Showing items tagged with "Reduce business email overload" - 4 found.
Posted Wednesday January 23rd, 2019, 11:30 am by Dr Monica Seeley
Day 3 – How to Reduce Email Overload
Develop an uncanny ability to be selectively ignorant. Timothy Ferriss.
Stressed by business email overload? What is the effect of email overload on your mental health? Studies show its profound. During day three of clean inbox week, we use email management techniques to reduce the the business email overload so that and you continue to enjoy a clean inbox. Deleting simply is not an option. You have be proactive and keep all unwanted emails out of your inbox and reduce the number of times you check for new email.
Step 1 – Prioritise each new email you receive today
How many of the emails you receive do you really need? Triage your emails as you deal with them. Ask yourself ‘Do I really need this email?’ ‘How useful is this to me?’ For more guidance on prioritising see Brilliant Email chapter 3 and ‘Taking Control of Your Inbox” if you are a PA or EA.
Step 2 – Stop all non-essential emails from reaching your inbox
For all those low priority emails, either get yourself off the sender’s list or automatically move them out of your inbox so they don’t distract you from the really important ones. Your inbox should be your ‘work in hand’ just like an old fashioned in-tray. Ways to reduce the incoming email traffic and hence email overload are:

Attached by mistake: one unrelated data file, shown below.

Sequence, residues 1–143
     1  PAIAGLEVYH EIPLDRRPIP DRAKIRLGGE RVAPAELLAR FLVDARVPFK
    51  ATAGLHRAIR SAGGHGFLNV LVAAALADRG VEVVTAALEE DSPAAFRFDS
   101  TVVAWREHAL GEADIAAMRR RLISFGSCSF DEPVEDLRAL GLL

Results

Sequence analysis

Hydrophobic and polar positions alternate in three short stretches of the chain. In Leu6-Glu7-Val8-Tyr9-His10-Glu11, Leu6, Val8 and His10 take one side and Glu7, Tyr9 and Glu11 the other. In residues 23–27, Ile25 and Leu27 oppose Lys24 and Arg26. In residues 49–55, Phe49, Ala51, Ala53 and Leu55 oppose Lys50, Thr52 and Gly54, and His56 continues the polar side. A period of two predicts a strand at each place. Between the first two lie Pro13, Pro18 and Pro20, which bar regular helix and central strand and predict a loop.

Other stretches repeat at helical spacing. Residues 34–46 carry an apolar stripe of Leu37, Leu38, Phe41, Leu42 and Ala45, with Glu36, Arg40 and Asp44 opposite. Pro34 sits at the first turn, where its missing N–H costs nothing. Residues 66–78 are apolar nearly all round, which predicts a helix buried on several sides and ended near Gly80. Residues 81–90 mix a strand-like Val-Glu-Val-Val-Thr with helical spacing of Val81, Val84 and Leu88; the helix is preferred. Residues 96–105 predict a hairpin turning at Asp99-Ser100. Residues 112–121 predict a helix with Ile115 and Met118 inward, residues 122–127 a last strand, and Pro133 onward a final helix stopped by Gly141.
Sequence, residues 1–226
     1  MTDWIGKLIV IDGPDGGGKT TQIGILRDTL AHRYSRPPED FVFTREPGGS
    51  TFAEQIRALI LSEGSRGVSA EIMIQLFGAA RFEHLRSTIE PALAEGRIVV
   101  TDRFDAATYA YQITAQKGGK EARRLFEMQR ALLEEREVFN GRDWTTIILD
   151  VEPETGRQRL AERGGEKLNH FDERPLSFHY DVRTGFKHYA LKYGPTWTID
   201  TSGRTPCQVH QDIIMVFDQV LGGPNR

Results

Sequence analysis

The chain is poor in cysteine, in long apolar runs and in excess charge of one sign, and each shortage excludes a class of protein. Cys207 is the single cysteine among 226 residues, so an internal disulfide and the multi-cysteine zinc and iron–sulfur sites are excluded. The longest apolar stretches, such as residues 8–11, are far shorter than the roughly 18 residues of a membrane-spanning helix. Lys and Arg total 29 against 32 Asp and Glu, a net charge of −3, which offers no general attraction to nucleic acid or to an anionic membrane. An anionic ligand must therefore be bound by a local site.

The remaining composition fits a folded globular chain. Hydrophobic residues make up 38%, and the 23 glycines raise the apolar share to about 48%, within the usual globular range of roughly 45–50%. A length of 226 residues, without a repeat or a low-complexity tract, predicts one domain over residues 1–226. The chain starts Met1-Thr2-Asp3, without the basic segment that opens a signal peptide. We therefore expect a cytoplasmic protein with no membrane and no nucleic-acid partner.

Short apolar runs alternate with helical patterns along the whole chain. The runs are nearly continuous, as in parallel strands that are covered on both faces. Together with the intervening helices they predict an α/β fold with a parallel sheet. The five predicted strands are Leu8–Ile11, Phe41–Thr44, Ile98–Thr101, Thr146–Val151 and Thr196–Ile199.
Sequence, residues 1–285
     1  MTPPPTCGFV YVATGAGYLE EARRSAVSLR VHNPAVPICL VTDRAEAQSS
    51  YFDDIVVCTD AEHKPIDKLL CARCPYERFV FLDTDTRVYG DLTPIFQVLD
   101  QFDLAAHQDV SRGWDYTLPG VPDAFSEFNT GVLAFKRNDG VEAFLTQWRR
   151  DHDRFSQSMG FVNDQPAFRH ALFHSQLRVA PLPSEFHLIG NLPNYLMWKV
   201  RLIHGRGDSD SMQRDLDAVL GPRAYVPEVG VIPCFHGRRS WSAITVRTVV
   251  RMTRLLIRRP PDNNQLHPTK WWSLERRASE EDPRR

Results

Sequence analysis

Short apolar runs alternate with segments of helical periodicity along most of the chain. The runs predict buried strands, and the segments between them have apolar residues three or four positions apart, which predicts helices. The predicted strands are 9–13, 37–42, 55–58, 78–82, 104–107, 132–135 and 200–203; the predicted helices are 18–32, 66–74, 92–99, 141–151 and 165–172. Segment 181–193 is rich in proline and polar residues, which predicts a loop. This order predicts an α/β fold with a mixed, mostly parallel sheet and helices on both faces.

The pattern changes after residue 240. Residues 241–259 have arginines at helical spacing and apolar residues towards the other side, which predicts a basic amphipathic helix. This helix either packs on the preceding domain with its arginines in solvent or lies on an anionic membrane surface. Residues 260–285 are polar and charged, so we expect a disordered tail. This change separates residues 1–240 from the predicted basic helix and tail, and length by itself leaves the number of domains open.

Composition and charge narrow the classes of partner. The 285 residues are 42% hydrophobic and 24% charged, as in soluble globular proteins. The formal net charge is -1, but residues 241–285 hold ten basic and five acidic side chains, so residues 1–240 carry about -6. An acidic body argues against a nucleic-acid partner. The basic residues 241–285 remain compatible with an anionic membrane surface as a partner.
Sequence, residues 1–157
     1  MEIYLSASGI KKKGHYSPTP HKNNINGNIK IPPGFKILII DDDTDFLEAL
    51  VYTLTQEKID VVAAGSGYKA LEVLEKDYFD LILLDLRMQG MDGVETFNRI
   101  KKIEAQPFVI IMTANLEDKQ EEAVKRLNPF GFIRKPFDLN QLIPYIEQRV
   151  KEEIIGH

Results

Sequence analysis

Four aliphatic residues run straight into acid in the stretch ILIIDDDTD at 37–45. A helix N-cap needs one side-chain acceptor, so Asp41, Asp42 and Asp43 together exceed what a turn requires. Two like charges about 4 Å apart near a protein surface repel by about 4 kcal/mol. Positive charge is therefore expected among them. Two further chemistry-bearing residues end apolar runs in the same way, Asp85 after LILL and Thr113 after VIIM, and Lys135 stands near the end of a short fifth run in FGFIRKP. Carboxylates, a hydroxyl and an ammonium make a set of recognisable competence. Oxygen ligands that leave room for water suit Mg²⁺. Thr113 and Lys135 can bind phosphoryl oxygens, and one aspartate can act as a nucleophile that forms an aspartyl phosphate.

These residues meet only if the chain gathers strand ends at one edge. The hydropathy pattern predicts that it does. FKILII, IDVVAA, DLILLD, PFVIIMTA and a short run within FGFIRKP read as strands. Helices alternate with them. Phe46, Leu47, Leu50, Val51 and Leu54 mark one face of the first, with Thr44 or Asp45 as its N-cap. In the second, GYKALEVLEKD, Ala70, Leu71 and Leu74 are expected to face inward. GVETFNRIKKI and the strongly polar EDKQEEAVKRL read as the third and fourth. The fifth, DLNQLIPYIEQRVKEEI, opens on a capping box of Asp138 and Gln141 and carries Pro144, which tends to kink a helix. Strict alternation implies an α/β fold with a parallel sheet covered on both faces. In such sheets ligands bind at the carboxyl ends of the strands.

- Ask the sender to remove you from their list.
- Use rules to send them automatically to a folder/Trash.
Click here to see how to write rules that allow you see only the important emails (and not waste time on email distractions dealing with the lower priority ones).
Step 3 – Reduce the number of times you deal with email
How often do you currently check for new emails? When was the last time you received an email which would mean a catastrophe if you did not respond for about an hour? Give yourself a break from the inbox to allow yourself to focus on the task in-hand for at least 30 minutes and preferably one hour. Try not deal with your email too late into the night as that can seriously effect your quality of sleep and your work-life balance.
Dare to share
Share your progress; Email; Facebook: Twitter (using #cleaninbox) There are two prizes today. One for the person who has made the best progress reducing the number of times they check their email and one for the person who has reduced the volume of email they receive most substantially (a copy of ‘Brilliant Email‘ and ‘Taking Control of Your Inbox’ written especially for PAs, EAs and VAs).
For more resource
Follow me on Twitter using #cleaninbox.
Join our Facebook page.
Do you feel others colleagues would benefit from help cleaning out their inboxes? Why not either join them up to this week’s programme or ask MesmoConsultancy to run one of our Brilliant Email Management master classes?
Posted Tuesday January 8th, 2019, 10:26 pm by Dr Monica Seeley